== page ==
|Xie, Hang - UNIVERSITY OF ARKANSAS|
Submitted to: Veterinary Immunology and Immunopathology
Publication Type: Peer Reviewed Journal
Publication Acceptance Date: February 20, 2001
Publication Date: N/A
Interpretive Summary: Disease and sickness produce many changes in blood. One such change includes an increase or decrease in certain proteins in serum. Using croton oil, we induced chemical irritation in chickens and found an increase and decrease in several serum proteins. To find why these changes are important, we conducted experiments and showed that serum from birds with chemically-induced irritation increase antibacterial activities of macrophages, a type of white blood cells responsible for defense against bacteria.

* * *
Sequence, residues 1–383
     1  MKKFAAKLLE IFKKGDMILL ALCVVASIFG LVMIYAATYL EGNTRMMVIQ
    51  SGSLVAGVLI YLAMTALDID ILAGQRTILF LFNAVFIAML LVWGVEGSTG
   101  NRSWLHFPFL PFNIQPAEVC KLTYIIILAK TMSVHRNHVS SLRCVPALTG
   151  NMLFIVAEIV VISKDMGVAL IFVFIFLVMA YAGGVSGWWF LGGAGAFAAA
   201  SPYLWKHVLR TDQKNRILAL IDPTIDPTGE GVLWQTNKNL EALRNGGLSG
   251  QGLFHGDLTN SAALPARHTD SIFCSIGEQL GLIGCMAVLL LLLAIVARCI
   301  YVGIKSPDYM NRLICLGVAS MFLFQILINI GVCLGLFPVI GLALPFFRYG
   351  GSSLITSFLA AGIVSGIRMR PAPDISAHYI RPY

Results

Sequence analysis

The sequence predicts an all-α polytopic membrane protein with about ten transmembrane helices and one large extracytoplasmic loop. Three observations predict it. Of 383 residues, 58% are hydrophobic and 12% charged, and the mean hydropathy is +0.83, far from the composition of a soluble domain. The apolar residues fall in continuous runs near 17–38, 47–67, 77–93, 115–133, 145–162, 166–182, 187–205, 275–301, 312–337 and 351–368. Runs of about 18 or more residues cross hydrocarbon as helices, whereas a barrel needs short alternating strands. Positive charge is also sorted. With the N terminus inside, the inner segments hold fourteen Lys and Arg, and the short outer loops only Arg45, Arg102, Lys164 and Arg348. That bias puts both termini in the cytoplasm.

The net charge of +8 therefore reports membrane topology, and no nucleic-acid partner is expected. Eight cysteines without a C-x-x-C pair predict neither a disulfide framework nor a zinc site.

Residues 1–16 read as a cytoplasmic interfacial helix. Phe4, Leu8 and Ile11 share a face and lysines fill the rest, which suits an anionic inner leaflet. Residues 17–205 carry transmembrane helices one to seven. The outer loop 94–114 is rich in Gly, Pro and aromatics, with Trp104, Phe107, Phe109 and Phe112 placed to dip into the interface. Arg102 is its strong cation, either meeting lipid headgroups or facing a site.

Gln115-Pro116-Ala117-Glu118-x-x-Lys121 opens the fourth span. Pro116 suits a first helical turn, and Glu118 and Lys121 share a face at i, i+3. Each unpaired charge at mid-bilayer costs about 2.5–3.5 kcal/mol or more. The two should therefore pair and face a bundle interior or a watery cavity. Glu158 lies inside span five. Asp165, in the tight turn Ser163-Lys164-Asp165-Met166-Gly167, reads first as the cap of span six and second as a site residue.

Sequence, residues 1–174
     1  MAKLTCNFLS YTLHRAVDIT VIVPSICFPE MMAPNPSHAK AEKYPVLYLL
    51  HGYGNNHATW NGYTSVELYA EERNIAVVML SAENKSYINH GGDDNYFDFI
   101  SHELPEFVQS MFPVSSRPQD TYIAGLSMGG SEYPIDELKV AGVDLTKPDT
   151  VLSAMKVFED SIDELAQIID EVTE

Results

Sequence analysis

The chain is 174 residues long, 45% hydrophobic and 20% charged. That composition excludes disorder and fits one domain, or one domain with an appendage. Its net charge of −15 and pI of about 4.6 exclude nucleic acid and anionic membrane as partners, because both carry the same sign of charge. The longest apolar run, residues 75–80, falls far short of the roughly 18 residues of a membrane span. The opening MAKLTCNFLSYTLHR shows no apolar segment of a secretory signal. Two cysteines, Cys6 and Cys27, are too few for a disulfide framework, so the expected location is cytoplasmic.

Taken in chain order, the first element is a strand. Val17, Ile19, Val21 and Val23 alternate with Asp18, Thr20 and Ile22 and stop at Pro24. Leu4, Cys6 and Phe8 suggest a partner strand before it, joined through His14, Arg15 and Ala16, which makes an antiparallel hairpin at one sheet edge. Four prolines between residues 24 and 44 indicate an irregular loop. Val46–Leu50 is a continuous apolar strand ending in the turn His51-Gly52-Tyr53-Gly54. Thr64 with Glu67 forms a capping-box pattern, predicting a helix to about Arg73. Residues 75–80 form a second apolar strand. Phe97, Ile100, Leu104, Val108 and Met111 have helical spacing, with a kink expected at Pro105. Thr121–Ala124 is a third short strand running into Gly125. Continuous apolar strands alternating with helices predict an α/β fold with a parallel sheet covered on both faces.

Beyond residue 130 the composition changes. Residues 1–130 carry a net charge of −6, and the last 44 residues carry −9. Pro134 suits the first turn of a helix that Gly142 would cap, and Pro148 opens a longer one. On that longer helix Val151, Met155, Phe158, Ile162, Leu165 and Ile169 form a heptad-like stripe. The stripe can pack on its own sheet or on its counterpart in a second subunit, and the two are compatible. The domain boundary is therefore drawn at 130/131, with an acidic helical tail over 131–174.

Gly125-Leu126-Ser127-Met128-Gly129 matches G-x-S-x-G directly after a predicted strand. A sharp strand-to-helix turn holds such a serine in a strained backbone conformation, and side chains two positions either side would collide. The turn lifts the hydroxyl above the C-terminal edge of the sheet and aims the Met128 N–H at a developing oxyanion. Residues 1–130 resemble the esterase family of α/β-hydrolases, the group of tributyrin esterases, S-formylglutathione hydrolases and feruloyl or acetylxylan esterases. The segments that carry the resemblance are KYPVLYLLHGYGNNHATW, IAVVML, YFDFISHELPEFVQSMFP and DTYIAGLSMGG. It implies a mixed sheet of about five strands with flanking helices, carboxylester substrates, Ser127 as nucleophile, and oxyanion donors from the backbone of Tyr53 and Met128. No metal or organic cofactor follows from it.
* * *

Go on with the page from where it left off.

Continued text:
Technical Abstract: Inflammation-induced changes in serum protein profiles and the effects of such serum on a chicken macrophage cell line HD11 were studied to find whether the changes in serum affect cellular immunity. Four-week-old male broiler chickens were injected subcutaneously with either olive oil or 50% croton oil mixed in olive oil to induce inflammation. The birds were bled at 48 h after injection, and serum protein profiles were compared using sodium dodecyl sulfate polyacrylamide gel electrophoresis (SDS-PAGE). At 48 h post-injection the serum from croton oil-injected birds showed distinct changes in protein profiles characterized by a selective increase or decrease in levels of several serum proteins. The protein bands which showed increases had molecular weights (Mr) corresponding to 65 kD, 42 kD, and two or more proteins with Mr #200 kD. The levels of serum albumin (49 kD), and a 56 kD protein were reduced in croton oil-injected birds. The modulating effects of such serum on HD11 cells were studied using bacteria lipopolysaccharide (LPS) or phorbol myristate acetate (PMA) induced functional activation of these cells. The LPS-induced interleukin-6 (IL-6) production by HD11 cells was not affected by the presence of either olive oil-treated control or croton oil-treated inflammatory serum but nitrite production was enhanced by the inflammatory serum. Similarly, inflammatory serum also enhanced PMA-induced respiratory burst measured using dichlorofluorescein diacetate (DCF-DA) oxidation mediated by reactive oxygen intermediates. These results suggest that inflammatory serum can modulate macrophage function by influencing the production of reactive oxygen and nitrogen species which could affect their phagocytic and bactericidal activities.